|Professor Jem Bendell keynoting at the ASEAN Sustainability Summit|
One aim for IFLAS is to promote understanding of the importance of resourcing transition. That includes publishing research, and in April a joint chapter by Bendell and Greco was released by a leading business publisher, made available for free online. Our team have been active in the media. Professor Bendell’s article on this topic was one of the most popular on the Guardian’s sustainable business hub, and the Al Jazeera programme he appeared in was repeated in January due to popularity. Our associated scholar, Will Ruddick, is developing a community currency in Kenya. He also presented IFLAS’ approach on Al Jazeera, and debated this with UK’s development minister Alan Duncan. He also wrote the first article the UN has published on the role of community currencies for sustainable development. To follow up, Bendell is running a workshop in Oxfam for them to explore how they might utilise community currencies in the development programmes.
How larger firms can relate positively to these developments is the focus of a research project currently underway by Professor Bendell, and which will be reported on in his forthcoming co-authored book Healing Capitalism. As part of this, Bendell has been discussing with community-focused banks, telecommunications firms, and software companies, about socially responsible business opportunities. As part of this work, IFLAS will run a session at the Next Bank conference in London this September.
In order to develop this work programme so it meets the speed and scale of our times, through action research and relevant trainings, the Institute is seeking financial support. A major funding proposal has been submitted to the EU, with leading European business schools. However, the novelty of this field makes it suitable for venture philanthropists, who seek to support original and potentially breakthrough approaches. The Institute welcomes inquiries on this theme, either from funders or from other organisations with complementary capabilities.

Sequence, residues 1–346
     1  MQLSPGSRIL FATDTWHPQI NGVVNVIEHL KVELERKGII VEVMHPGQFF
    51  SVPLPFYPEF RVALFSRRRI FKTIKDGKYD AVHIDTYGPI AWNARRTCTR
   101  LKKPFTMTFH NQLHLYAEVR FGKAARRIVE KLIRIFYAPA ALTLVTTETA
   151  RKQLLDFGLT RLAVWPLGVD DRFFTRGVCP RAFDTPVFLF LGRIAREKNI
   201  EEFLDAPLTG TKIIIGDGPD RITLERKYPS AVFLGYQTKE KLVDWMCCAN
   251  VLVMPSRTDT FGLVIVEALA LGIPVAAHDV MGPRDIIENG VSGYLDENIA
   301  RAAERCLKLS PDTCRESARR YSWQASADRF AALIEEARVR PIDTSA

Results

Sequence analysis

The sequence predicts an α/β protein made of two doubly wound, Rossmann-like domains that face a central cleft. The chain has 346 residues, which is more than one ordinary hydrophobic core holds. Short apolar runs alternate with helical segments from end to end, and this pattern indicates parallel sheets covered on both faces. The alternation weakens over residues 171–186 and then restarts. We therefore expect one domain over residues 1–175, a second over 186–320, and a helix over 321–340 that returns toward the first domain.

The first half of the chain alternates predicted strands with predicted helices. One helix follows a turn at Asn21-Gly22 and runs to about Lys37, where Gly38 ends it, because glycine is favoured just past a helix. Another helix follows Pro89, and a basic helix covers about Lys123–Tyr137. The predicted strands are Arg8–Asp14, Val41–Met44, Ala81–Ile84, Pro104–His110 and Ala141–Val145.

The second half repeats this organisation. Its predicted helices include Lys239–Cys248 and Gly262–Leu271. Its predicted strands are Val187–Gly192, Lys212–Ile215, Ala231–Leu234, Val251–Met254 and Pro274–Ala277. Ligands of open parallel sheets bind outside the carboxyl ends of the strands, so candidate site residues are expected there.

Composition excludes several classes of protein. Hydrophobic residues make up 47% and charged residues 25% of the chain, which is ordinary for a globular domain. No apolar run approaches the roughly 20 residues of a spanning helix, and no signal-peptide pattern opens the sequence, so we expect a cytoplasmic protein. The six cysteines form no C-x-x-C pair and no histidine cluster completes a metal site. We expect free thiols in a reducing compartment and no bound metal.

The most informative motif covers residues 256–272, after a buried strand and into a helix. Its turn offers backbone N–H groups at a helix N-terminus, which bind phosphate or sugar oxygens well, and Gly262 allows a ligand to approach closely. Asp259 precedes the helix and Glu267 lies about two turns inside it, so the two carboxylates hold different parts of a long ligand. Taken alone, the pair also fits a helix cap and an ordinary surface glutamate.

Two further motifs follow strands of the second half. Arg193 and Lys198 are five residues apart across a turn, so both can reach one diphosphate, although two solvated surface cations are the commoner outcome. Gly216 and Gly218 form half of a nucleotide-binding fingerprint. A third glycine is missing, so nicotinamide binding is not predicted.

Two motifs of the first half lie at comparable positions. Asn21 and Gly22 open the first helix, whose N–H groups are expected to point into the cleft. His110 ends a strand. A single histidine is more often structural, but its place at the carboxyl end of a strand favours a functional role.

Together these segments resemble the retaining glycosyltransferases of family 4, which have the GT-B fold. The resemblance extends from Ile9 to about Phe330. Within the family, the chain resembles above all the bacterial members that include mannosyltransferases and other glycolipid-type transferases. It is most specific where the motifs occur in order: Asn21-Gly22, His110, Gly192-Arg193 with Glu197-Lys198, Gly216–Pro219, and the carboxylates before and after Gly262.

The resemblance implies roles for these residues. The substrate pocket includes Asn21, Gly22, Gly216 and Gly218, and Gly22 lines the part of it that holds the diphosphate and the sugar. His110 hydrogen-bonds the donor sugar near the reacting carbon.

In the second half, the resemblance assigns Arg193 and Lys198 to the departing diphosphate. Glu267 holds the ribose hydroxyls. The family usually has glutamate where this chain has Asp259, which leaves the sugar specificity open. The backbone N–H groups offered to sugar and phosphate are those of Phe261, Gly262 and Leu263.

Professor Bendell will continue the outreach in the North West of England through an open lecture on the money system, in collaboration with the local association Sustainable Carlisle, on June 7th at our Carlisle campus. The next open course for developing community currencies is on July 12th in Lancaster, and the next Expert Working Group on July 11th (also in Lancaster). Bendell explains “our work on community currencies reflects the ethos of our new Institute. That is, to pursue an ambitious interdisciplinary agenda, that examines what may lead a transformation. It’s a bold agenda that we are also hoping to convey with our launch event at the RGS on May 28th called Adventures in Sustainability.” The theme of innovative sustainability leadership also underpins the Institute’s first international conference scheduled for November 21st and 22nd, in the UK’s Lake District (more details will be released in July).
To engage on these topics, please join the IFLAS Linked In group. For more information on any of these activities, please contact the Institute manager firstname.lastname@example.org